Scientists like their odds against the wily coronavirus from South Africa
COVID-19 vaccines may be less effective against the coronavirus strain from South Africa, but scientists remain confident that humans have the upper hand.
The coronavirus strain that took South Africa by storm with its uncanny ability to infect people who had already been sickened with COVID-19 is now in California and at least three other states. More than any other version of the virus, it has proved itself capable of evading the vaccines designed to block it.
Is another surge fueled by the South Africa strain inevitable here?
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Hardly. The evolving coronavirus may have plenty of tricks up its sleeve, but scientists say they do too.
Mounting evidence that several vaccines are less efficient at neutralizing the strain from South Africa is “disturbing news,” but “all is not lost,” said Dr. Anthony Fauci, the nation’s top infectious disease expert. Vaccination “still suppresses the virus,” he said.
And although the emergence of new variants able to “escape” some of the immune system’s antibodies is a cause for concern, the endless wringing of hands “is a narrative we have to correct,” said Larry Luchsinger, a scientist at the New York Blood Center.
Indeed, after close to a year of woe and worry, the pandemic’s latest challenge has brought out an unaccustomed bright side in many scientists. Yes, some water’s been spilled, they say. But they’re quick to point out that this glass is still way more than half full.
Why? Because numbers matter, and even an elusive target like the South Africa variant is unlikely to completely escape the overwhelming numbers of antibodies generated by current vaccines or a previous infection, Luchsinger said.
The concerns were raised by clinical trials involving multiple COVID-19 vaccines.
For example, a vaccine from Johnson & Johnson that reduced the risk of moderate to severe cases of COVID-19 in the U.S. by 72% was only 57% effective at reducing that risk in South Africa, where the coronavirus strain known as B.1.351 dominates. Likewise, a vaccine from Novavax that reduced the risk of all types of COVID-19 by nearly 90% in Britain was just 49% effective in South Africa.
The difference could also be seen by comparing clinical trials at different points in time. When the COVID-19 vaccine developed by AstraZeneca and Oxford University was tested in South Africa several months ago, those who received it were 75% less likely to develop mild to moderate illnesses than their counterparts who got a placebo. But after B.1.351 took over, the AstraZeneca vaccine offered no advantage over the placebo.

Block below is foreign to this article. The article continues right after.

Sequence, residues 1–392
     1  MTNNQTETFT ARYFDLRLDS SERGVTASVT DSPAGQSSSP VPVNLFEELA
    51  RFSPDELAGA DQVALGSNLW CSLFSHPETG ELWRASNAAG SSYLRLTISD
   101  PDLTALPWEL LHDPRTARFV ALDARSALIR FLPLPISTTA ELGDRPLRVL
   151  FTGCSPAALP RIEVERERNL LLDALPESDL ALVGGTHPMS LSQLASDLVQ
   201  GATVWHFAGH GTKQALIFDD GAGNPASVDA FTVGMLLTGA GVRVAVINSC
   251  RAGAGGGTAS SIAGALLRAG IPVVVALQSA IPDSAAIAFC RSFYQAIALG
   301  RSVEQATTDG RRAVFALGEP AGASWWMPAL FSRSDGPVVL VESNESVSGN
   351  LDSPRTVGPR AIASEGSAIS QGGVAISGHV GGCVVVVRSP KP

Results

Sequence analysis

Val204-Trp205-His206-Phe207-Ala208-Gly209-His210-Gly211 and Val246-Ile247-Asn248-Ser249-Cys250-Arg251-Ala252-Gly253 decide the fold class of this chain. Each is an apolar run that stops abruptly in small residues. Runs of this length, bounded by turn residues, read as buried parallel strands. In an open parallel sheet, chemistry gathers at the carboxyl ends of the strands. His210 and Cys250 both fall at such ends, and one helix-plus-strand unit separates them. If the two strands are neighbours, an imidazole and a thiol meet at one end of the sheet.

Tests performed in laboratory settings were concerning as well. For instance, antibodies generated by people who had received the Pfizer-BioNTech vaccine weren’t as adept at blocking an engineered version of the virus from South Africa as they were at stopping engineered versions of another strain from the United Kingdom, according to results published this week in the journal Nature Medicine.
To understand why these seemingly troubling developments are not causing scientists to panic, it helps to know that the process by which antibodies neutralize free-floating viral particles is a chaotic, inefficient and repetitive game of hit-and-miss.
Whether induced by vaccination or natural infection, antibodies routinely lock on to their viral invaders, fall off, and have new ones sweep in to take their place. That inefficiency requires the immune system to build legions of neutralizing antibodies that are diverse and plentiful enough to overwhelm more viral targets than most any infection could present, Luchsinger said.
Even when a virus acquires a mutation that makes antibodies less adept at neutralizing its targets, there’s still so much redundancy that the virus remains vulnerable, he said.
Scientists from Caltech and Rockefeller University saw this in action when they put antibodies induced by the Pfizer-BioNTech vaccine and a similar one from Moderna up against several of the new coronavirus variants.